Shaping the immunogenicity and efficient range of oncolytic vaccinia virus by the programmed release of therapeutically active, self-amplifying RNA containing virus-like-particles

In this project, an oncolytic virus will be generated that combines the safety profile of vaccinia virus, with the immunostimulatory power of RNA-vaccines. Currently, the RNA-genomes of Alphaviruses are successfully used to encode proteins to be vaccinated against. Their special genome organization and makeup allow them to self-amplify within a cell. This replication in turn alerts the immune system to the host cell while creating an abundance of not only the antigen to be vaccinated against, but also therapeutically active proteins, e.g. immune checkpoint inhibitors, that can be released to neighboring cells. The RNA-genome of Semliki-Forest Virus was encoded into the DNA-genome of vaccinia virus in a way that it will be directly packaged into so called virus-like particles and shuttled to cells in the surrounding. As vaccinia virus has multiple ways to hide itself from the immune system, an infected cancer cell will therefore release numerous particles that are able to transduce non-infected cancer cells and activate the immune system. Eventually, the initial infection will be cleared together with the remaining tumor cells. The benefit for Turnstone Biologics is therefore the generation of a novel, improved oncolytic virus which will be based on Turnstone’s proprietary viral platform.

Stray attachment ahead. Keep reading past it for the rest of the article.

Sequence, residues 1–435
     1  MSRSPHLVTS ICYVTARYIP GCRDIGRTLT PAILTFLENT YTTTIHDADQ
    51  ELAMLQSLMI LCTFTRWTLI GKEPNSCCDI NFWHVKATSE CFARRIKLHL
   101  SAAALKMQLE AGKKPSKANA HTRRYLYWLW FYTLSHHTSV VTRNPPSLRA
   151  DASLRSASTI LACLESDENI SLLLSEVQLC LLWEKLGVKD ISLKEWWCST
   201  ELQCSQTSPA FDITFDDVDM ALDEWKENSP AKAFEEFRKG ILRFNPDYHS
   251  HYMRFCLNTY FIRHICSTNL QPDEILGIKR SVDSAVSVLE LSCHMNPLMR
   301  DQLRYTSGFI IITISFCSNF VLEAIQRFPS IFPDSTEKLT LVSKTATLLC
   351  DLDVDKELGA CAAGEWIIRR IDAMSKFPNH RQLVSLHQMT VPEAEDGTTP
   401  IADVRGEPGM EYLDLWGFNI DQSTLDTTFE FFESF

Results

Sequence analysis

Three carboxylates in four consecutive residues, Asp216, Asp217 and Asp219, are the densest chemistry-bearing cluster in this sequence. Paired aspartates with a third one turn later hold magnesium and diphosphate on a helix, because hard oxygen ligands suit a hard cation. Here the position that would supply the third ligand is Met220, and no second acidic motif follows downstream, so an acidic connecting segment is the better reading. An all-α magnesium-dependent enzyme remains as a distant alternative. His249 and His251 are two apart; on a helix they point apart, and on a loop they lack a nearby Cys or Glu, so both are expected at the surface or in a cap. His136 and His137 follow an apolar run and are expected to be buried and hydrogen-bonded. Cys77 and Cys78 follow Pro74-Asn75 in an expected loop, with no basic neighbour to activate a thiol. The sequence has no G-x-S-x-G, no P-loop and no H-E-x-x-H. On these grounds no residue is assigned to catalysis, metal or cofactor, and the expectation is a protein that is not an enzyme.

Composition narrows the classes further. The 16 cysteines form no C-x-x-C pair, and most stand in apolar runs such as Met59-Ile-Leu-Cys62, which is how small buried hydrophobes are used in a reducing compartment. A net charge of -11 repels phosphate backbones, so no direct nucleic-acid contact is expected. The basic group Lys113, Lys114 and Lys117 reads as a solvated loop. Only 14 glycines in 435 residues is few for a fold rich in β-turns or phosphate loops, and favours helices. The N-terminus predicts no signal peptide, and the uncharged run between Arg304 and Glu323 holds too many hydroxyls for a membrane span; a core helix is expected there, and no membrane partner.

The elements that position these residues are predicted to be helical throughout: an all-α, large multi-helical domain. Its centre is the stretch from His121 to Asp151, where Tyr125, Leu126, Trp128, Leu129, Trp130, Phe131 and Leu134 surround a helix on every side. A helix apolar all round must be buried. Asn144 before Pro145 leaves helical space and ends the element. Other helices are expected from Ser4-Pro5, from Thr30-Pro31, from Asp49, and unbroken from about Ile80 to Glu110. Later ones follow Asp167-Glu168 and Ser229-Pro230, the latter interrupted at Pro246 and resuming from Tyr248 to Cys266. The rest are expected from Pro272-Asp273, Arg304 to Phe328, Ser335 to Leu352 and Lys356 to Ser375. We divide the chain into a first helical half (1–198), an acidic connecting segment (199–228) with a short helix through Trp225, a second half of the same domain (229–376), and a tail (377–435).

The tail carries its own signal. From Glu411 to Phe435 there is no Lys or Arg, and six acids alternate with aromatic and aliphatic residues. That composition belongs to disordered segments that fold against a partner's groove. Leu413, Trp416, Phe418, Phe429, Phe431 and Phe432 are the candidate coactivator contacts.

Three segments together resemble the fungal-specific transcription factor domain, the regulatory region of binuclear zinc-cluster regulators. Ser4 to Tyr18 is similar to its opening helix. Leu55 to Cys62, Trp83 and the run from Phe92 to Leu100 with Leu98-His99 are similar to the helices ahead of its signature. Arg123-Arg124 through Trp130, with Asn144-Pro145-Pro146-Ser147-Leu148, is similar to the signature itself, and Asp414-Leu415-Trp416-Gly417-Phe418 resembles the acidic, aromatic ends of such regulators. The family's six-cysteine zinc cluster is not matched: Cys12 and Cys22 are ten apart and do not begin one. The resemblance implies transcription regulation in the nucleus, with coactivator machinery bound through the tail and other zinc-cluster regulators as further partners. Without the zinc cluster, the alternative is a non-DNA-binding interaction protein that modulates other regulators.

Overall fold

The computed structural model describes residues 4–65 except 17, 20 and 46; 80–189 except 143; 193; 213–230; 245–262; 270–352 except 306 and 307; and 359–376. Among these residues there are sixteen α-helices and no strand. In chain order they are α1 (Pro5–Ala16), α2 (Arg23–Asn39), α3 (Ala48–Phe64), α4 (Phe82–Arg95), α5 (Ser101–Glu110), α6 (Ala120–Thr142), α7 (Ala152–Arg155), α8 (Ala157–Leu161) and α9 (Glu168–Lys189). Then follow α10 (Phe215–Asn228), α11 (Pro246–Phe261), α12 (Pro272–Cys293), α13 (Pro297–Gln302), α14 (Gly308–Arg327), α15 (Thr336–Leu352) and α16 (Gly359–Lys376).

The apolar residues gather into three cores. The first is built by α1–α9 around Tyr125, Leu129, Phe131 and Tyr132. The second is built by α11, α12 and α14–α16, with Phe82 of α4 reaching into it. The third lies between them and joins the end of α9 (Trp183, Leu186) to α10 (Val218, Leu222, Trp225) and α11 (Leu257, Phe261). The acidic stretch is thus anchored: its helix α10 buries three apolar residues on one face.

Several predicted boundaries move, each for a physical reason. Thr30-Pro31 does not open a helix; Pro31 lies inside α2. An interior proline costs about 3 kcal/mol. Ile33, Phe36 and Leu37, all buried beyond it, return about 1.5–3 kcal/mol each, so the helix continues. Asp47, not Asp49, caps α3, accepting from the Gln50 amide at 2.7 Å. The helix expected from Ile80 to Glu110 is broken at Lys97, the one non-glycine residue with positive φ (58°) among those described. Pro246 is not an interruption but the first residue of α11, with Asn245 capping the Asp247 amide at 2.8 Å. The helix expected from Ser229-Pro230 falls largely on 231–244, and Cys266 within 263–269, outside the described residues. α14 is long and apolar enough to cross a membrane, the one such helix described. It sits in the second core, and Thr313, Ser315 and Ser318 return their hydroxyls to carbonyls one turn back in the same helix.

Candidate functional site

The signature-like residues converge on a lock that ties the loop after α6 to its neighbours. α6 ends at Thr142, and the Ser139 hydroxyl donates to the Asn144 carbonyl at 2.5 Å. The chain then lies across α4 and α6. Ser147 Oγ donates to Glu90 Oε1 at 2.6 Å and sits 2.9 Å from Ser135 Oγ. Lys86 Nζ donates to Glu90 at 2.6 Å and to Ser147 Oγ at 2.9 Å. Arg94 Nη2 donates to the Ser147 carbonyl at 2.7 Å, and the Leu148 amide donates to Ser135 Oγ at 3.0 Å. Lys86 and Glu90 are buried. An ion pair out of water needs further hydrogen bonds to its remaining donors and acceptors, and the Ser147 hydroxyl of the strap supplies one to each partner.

Faculty Supervisor:

Carolina Ilkow


Nikolas Tim Martin


Turnstone Biologics


Biochemistry / Molecular biology


Professional, scientific and technical services


University of Ottawa


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